Check your plans for vacation or 2nd homes
A long known “loophole” strategy in real estate has been to purchase a vacation home or a rental property and one day convert it to your principal residence. Then, you could use the home sale exclusion rule to exclude up to $500,000 in gains (for married filing jointly). Well, if that was your strategy, it might be time to rethink it or analyze it a bit further. The latest tax bill passed on July 30 will make some changes to this law.
After 2008, some homesellers who don’t use their properties as principal residences for their entire ownership period may wind up paying more of a tax bill than they would under current rules (or pay tax when none would be owed currently). The tax break affected is the homesale exclusion, which generally allows up to $250,000 of homesale profit to be tax-free if a home was owned and used by the seller as a principal residence (i.e., main home) for at least 2 of the 5 years before the sale. In general, the tax-free break can only be used once every 2 years. The tax-free profit amount is up to $500,000 for married taxpayers filing jointly for the year of sale if several conditions are met. Because of the “principal residence” requirement, vacation or second homes normally don’t qualify for the exclusion. However, in what some saw as a loophole, the law permitted taxpayers to convert their second home to their principal residence, live in It for two years, sell it, and take the full $250,000/$500,000 exclusion available for principal residences, even though portions of their gains were attributable to periods when the property was used as a vacation or second home, not a principal residence.
For sales after 2008, the homesale exclusion will be reduced proportionately for the period of time a home wasn’t used as a principal residence. The prime example is a vacation home that is turned into a principal residence by its owners, but the new rule also can hit individuals who use a property as a main home for a while, rent it out for a period of time, and then move back in. There are, however, a number of exceptions. For starters, pre-2009 periods of non-principal-residence use don’t count, and neither do periods of temporary absence totaling no more than 2 years due to health or employment changes (or certain unforeseen circumstances), or up to 10 years of absence for qualifying members of the military or certain government employees. Finally, non-principal-residence use doesn’t count if it occurs (1) in the five years preceding the sale, but (2) after you permanently stop using the home as a main home.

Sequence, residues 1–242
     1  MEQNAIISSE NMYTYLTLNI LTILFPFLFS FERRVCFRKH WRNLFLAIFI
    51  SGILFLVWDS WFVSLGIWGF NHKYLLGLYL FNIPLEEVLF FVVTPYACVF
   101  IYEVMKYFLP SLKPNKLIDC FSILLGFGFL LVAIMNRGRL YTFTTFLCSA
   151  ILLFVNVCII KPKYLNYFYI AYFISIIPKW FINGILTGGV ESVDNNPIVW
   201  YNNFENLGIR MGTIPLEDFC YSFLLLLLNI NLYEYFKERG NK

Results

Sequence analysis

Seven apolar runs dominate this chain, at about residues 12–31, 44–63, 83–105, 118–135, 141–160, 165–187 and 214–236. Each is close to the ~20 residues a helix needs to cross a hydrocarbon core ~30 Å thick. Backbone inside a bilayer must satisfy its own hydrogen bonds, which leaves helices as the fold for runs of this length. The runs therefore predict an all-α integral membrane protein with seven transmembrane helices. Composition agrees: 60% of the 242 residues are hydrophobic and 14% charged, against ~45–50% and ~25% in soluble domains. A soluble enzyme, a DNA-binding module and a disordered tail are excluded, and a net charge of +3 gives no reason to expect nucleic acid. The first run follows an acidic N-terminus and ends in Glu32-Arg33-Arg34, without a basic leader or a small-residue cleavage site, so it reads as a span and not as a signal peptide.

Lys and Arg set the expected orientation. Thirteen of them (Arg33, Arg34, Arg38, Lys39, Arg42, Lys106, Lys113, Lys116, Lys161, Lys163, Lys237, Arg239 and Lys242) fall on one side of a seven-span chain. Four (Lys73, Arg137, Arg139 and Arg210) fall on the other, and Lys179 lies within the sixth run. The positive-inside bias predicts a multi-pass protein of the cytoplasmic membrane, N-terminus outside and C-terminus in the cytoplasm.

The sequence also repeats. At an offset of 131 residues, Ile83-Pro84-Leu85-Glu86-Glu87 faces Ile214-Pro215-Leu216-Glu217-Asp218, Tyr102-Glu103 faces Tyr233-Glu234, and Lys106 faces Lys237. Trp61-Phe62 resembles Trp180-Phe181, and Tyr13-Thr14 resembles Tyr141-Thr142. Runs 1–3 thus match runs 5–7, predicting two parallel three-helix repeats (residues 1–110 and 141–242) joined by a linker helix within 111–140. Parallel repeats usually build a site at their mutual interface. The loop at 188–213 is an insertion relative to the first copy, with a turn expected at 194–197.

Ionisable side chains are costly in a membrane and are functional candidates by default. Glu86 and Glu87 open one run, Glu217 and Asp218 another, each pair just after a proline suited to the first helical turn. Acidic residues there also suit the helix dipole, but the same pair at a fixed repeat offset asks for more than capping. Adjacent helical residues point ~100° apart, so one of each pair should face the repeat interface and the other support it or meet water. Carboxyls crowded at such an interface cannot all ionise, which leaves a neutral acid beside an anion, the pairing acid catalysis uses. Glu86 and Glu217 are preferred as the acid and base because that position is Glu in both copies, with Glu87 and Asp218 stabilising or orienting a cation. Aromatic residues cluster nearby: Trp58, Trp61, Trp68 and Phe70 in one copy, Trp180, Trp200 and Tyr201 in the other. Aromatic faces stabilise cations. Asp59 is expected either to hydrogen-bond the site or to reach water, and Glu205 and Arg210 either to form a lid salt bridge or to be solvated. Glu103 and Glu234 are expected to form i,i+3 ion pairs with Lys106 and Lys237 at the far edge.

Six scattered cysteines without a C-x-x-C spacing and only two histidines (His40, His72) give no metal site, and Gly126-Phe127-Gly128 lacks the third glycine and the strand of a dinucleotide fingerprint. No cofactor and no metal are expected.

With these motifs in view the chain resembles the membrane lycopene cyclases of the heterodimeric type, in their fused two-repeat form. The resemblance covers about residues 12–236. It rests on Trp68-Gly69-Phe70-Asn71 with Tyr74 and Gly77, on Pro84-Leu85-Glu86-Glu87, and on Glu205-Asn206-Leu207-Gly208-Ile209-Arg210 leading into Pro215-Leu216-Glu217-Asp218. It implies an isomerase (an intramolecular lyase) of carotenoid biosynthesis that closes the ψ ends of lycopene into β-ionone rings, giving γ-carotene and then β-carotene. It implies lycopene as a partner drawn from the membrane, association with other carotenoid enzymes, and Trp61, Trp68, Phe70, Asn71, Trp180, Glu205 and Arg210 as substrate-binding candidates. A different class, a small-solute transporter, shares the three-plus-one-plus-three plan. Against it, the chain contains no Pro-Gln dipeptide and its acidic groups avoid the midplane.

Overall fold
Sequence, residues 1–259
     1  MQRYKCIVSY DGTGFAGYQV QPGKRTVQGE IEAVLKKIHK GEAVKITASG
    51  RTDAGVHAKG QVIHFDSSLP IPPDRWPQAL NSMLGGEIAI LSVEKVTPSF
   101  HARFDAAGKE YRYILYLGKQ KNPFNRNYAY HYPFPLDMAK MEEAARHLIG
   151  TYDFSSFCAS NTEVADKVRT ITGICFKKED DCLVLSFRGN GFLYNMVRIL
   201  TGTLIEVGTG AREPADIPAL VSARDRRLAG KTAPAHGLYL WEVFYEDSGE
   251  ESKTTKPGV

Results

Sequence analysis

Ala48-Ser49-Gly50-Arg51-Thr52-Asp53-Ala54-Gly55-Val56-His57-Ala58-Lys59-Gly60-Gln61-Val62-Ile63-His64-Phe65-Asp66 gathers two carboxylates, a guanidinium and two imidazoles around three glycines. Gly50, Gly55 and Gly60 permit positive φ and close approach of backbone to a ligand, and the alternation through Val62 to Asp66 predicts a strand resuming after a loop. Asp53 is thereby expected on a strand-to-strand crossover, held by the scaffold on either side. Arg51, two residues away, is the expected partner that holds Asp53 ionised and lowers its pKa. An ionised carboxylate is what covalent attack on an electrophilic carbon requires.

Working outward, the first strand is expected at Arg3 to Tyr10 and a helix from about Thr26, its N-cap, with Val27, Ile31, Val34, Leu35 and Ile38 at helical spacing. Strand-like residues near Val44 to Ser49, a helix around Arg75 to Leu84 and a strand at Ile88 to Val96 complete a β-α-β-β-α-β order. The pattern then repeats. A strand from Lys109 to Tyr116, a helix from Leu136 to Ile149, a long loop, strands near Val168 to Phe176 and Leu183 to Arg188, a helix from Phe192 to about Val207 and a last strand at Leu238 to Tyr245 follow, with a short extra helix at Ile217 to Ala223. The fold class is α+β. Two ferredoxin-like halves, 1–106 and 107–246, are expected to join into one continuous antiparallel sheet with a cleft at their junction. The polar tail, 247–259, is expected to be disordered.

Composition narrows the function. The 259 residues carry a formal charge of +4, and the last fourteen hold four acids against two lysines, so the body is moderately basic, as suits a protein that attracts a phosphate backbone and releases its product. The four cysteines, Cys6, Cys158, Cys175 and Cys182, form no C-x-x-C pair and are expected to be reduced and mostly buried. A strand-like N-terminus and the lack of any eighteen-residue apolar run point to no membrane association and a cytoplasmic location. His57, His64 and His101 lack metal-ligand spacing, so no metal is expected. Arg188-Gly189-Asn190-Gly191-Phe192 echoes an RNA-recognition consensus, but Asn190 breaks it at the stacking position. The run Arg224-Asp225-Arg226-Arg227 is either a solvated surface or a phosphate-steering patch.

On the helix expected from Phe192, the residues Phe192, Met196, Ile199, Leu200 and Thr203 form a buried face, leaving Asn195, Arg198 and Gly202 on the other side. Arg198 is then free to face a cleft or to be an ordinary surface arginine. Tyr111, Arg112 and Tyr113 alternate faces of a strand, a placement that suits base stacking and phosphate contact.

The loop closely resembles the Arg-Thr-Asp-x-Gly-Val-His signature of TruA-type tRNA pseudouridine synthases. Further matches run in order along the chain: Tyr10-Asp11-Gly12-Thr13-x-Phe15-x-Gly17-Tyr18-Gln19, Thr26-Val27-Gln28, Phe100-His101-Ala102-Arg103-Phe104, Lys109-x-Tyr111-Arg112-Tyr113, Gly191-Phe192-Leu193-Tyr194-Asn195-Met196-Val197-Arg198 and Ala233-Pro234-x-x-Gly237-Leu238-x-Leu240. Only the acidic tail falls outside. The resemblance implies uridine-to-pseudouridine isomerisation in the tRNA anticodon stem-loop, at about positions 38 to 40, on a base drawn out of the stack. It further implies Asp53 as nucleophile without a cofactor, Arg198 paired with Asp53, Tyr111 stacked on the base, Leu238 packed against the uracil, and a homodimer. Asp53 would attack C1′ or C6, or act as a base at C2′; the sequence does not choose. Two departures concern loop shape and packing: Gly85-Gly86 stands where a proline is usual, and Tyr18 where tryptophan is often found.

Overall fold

The new law closes that “loophole” by requiring homeowners to pay taxes on gains made from the sale of a second home to reflect the portion of time the home was not used as a principal residence (e.g, vacation or rental property). The amount taxed will be based on the portion of the time during which the taxpayer owned the home that the house was used as a vacation home or rented out. The rest of the gain remains eligible for the up-to-$500,000 exclusion, as long as the two-out-of-five year usage and ownership tests are met. The new law in effect reduces the exclusion based on the ratio of years of use as a principal residence to the total time of ownership. For example, if a taxpayer owned a vacation home for ten years, but lived in it as a principal residence only for the final two years prior to sale, the maximum available exclusion would be reduced by four-fifths. Accordingly, a $400,000 gain on the sale that would be eligible for the full exclusion under pre-Act law would be reduced by four-fifths, to $80,000.
The good news for current owners of second homes is that the new law is not retroactive. The tightening applies only to sales after 2008. Plus, any periods of personal or rental use before 2009 are ignored for purposes of the provision. Also, the new law doesn’t change the rule that allows homeowners to take advantage of the homesale exclusion every two years. Taxpayers can still “home hop” with full tax exclusion if they only own one home at a time. Moreover, the taxpayer still qualifies for capital gain treatment on the amount of gain that cannot be excluded. As you can see, the new rule is quite complex and down the road will cause big headaches for some homesellers unless they’re careful and get an expert’s advice. Call us if you would like to sort out your situation and see what effect this law change will have for you.